• According to El Espectador, Colombia’s Attorney General has determined that the deaths of 34 members of the FARC-linked Patriotic Union (UP) party in the 1980s and 1990s constitute crimes against humanity, meaning that they are not subject to statutes of limitations and can still be prosecuted. Semana magazine reports that Deputy Attorney General Jorge Perdomo told journalists that the state is committed to investigating these cases.  
  • Gustavo Gorriti of Peruvian investigative news site IDL-Reporteros looks at the resurgence of Shining Path rebels in the coca-growing VRAE region. Pointing to a copy he obtained of an internal strategy document written by the guerrilla group, Gorriti argues that the Shining Path is attempting a revival of its activities based on specific lessons learned from past failures.
  • More than three weeks after their disappearance, authorities in Mexico still have not located the 43 students who went missing after clashing with police in a protest against education reforms in Iguala, Guerrero. The NYT notes that officials say at least five mass graves have been uncovered nearby, but that none of the remains have been linked to the students. According to the paper, some analysts say the search is hampered by a lack of centralized authority in the country’s rural areas.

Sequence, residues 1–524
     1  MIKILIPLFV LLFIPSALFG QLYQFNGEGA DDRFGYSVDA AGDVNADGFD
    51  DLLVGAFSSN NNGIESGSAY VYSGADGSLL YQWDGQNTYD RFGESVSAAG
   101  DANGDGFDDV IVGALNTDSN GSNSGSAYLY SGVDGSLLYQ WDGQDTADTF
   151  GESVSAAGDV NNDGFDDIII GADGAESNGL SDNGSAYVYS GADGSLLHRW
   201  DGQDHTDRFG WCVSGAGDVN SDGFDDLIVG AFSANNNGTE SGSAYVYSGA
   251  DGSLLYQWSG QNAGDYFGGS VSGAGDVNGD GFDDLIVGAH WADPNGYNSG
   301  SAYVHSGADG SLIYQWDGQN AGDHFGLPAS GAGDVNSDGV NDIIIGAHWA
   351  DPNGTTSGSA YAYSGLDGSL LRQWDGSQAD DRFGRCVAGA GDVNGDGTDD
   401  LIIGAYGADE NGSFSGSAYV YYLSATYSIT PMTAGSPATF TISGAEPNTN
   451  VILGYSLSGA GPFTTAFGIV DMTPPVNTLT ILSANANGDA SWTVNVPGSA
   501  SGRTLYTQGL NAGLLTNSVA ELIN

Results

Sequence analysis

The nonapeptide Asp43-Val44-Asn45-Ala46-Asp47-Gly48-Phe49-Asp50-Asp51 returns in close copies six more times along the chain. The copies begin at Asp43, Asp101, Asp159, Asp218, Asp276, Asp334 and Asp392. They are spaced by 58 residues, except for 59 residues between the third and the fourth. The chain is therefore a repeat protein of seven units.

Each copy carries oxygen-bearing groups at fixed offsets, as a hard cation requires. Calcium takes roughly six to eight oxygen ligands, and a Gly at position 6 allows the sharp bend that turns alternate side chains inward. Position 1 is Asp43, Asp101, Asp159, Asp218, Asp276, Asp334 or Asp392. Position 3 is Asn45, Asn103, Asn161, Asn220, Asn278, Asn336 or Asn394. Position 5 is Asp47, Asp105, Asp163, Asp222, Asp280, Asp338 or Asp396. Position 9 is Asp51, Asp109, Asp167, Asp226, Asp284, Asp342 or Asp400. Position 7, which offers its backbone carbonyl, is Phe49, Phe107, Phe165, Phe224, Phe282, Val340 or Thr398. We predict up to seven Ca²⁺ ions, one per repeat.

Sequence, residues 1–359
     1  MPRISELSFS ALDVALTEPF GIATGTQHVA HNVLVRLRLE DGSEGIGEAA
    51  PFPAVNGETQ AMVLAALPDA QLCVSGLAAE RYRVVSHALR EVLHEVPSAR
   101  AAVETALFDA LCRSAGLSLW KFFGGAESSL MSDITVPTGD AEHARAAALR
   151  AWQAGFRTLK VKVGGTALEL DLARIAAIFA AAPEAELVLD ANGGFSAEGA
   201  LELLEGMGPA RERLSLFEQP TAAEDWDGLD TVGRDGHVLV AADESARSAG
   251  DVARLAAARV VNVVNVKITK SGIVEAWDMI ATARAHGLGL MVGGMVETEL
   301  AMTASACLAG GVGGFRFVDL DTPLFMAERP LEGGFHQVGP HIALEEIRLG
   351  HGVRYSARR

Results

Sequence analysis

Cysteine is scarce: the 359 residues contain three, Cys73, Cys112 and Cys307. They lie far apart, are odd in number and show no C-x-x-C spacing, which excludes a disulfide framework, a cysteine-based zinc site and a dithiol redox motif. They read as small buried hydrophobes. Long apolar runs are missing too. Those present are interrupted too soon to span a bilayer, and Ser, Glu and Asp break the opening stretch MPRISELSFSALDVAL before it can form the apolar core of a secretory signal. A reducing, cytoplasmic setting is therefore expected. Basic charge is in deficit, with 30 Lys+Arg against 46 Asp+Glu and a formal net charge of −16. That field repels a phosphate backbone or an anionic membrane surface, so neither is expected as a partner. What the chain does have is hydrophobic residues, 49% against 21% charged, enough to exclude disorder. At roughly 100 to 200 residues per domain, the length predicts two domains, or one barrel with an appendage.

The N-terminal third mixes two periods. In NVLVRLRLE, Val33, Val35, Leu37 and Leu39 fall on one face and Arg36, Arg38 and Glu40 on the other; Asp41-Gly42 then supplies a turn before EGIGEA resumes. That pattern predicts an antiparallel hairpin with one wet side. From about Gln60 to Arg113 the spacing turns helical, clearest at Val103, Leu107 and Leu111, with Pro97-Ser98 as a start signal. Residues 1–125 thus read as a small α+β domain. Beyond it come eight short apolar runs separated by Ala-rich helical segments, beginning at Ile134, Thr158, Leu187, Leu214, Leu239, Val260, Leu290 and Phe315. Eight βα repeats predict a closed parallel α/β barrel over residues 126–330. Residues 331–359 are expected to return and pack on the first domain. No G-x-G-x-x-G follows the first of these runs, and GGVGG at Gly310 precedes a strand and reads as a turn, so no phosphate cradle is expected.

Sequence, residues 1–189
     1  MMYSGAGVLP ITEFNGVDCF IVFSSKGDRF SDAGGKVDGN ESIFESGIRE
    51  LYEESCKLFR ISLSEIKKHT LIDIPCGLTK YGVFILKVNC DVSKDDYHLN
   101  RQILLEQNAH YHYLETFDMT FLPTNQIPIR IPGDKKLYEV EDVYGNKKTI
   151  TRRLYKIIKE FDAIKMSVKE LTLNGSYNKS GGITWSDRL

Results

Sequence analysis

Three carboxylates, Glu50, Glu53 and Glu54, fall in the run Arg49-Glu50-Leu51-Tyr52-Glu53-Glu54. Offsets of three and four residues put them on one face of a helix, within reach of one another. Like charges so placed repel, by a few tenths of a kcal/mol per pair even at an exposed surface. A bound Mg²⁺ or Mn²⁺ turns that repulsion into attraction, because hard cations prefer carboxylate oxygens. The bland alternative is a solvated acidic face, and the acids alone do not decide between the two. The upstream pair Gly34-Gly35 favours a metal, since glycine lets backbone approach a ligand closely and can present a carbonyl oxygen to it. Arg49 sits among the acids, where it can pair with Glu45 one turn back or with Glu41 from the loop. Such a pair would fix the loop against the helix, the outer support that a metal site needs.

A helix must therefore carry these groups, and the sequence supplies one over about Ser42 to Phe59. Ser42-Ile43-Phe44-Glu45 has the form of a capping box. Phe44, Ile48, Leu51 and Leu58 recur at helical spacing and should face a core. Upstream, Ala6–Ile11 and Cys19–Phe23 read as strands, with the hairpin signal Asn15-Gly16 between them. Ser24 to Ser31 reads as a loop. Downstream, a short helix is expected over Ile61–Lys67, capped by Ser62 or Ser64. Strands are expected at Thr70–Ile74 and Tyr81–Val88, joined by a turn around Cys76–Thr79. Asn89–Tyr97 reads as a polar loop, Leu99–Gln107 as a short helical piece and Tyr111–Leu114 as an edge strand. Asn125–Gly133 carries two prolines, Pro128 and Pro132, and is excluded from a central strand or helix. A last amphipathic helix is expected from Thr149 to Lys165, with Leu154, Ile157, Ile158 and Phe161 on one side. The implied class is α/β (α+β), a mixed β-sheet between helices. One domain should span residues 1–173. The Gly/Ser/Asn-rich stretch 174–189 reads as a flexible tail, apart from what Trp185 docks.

• Mexico’s federal police have assumed control of 13 municipalities surrounding the town of Iguala. According to Milenio, all of the towns are in Guerrero state but one, located in neighboring Mexico state.